Tips & Tricks for Common Pests – Glycine
With all the rain last summer, many upcountry Maui homeowners spent the winter battling a twining green vine. Glycine, most commonly known from ʻUlupalakua and Kanaio, is the vine that blankets fences and rock walls and hangs from trees. It primarily grows in open sunny areas. When the rains come, a flush of seedlings follows.
Related to the common soybean, glycine (Neonotonia wightii) is a nutrient-rich nitrogen fixer. The Soil Conservation Service introduced this tropical vine to Hawai’i after a massive kikuyu grass dieback in the 1970s. Glycine was widely recommended for pasture improvement and forage. Grazing animals love it, but in their absence, the vine can take over.
Diana Crow is the Native Plant Project and Nursery Manager for ʻUlupalakua Ranch, a position that has necessitated she be adept at glycine control. Her advice for controlling the weed:
- Biological: Animals love glycine – a pet goat would be happy to help you.
- Mechanical: First, cut all the vines back from the tree or bush you are trying to save and loosen the vine along the trunk and branches to stop the vine from strangling the tree. Follow the vine down to the ground and pull or cut out the roots. If any root is left in the ground you will have to check for resprouts and cut it back until the reserves in the root are exhausted. If the plant has been there for a while, there will be a seedbank. Flushes of seedlings can be controlled by putting down boards, black plastic, or anything that blocks water and sunlight until seedlings die, usually within a month or two. Solarization of the seedbank may be possible in sunny areas. (Solarization is a method of reducing the seedbank by covering the soil with clear plastic until the sun heats it to a point that kills the seeds. Check for resources online.)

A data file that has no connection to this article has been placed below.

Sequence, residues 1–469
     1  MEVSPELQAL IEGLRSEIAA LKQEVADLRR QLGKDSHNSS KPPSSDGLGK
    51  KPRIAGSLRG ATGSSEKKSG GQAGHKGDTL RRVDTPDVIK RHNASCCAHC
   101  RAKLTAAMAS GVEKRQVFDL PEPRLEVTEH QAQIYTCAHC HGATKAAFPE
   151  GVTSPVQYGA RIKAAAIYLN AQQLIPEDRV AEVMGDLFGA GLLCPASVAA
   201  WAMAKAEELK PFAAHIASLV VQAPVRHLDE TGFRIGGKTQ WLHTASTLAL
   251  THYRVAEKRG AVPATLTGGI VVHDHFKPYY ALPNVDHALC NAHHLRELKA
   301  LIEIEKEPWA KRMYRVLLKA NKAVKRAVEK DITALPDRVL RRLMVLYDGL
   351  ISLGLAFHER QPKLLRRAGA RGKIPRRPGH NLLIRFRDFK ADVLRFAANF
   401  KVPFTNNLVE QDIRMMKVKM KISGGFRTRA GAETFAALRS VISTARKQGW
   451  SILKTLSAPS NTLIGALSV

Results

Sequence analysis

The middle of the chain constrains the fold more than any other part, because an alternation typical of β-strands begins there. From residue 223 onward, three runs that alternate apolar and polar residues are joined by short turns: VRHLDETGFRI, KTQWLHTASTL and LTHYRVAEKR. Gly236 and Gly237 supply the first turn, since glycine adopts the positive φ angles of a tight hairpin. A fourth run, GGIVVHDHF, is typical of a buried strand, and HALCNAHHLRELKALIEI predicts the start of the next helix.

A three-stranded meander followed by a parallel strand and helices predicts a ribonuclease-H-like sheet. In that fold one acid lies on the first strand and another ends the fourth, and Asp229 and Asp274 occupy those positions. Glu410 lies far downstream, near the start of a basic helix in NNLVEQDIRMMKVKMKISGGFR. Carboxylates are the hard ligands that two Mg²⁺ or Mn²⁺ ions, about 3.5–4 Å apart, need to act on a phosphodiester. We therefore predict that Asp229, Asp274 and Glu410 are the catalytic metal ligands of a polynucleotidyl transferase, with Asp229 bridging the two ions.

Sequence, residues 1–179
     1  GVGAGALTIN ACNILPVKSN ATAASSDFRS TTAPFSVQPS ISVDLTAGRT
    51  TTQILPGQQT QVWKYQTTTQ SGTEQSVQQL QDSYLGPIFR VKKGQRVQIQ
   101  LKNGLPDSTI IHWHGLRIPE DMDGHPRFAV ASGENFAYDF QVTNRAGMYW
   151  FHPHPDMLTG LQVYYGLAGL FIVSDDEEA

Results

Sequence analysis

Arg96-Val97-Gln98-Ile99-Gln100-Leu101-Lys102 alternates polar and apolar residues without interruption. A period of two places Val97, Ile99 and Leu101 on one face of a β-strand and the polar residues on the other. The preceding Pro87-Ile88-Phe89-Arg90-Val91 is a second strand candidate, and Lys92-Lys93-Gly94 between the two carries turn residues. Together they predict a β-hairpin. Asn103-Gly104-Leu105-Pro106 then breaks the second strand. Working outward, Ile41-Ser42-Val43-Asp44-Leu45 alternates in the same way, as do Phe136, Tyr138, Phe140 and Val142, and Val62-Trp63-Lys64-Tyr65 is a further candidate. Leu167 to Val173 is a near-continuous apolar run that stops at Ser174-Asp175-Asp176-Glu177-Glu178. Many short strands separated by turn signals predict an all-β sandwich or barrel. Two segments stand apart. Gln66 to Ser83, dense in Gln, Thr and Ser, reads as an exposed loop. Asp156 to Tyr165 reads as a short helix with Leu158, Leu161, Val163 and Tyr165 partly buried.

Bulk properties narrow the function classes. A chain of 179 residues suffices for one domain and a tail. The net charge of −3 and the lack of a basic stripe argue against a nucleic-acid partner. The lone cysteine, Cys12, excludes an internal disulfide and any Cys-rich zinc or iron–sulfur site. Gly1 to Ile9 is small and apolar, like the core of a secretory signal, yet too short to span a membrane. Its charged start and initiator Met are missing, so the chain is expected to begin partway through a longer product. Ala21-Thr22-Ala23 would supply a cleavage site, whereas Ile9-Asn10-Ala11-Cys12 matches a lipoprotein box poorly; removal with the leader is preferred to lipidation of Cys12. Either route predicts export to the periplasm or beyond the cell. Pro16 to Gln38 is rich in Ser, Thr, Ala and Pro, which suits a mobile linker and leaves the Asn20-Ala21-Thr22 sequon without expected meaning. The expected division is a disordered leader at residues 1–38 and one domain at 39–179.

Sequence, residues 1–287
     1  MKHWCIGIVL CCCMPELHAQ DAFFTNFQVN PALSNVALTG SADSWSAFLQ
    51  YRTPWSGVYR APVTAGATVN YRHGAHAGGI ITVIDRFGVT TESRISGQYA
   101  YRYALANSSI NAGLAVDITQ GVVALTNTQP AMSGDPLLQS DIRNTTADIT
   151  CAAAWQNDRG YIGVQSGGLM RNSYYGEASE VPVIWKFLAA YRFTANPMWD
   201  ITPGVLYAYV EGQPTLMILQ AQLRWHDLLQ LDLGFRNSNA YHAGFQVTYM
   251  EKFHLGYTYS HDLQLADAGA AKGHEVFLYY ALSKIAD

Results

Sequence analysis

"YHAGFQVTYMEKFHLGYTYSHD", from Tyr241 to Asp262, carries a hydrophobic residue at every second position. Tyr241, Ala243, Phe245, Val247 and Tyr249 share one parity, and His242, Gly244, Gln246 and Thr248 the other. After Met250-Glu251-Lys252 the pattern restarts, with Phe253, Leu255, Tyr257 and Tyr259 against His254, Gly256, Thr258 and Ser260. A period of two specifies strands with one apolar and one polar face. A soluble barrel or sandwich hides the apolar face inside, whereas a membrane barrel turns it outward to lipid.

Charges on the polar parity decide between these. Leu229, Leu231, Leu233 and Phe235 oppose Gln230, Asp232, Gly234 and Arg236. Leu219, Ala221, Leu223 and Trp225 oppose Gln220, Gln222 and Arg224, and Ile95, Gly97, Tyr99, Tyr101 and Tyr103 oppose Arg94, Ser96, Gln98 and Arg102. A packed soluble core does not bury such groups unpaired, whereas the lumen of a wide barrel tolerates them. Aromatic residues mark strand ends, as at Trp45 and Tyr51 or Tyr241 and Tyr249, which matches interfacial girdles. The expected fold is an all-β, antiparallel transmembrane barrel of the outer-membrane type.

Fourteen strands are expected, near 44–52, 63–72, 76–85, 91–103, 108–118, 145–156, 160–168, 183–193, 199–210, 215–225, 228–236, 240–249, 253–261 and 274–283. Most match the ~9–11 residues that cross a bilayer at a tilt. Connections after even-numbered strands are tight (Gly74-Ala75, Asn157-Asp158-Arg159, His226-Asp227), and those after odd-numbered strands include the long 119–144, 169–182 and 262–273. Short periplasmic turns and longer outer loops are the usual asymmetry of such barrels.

- Chemical: Apply herbicide directly to the cut trunk of a vine. Make sure to use a broad-spectrum herbicide, one intended for broadleaf plants that is effective on legumes. The College of Tropical Agriculture and Human Resources recommends a foliar spray of 2% triclopyr amine with a surfactant in the “Weeds of Pastures and Natural Areas.”
- Cultural: Glycine thrives with water; reducing irrigation or sprinklers may help, but not in the presence of seasonal rains. The seedpods will twist when ripe and dry, shooting seeds yards away. Glycine’s seed bank seems to last years, as Diana still has seedlings coming up from an area where a plant was removed 8 years ago. Her advice: DON’T LET IT SEED!
We recommend using an Integrated Pest Management approach to managing weed pests and the information provided here reflects that perspective.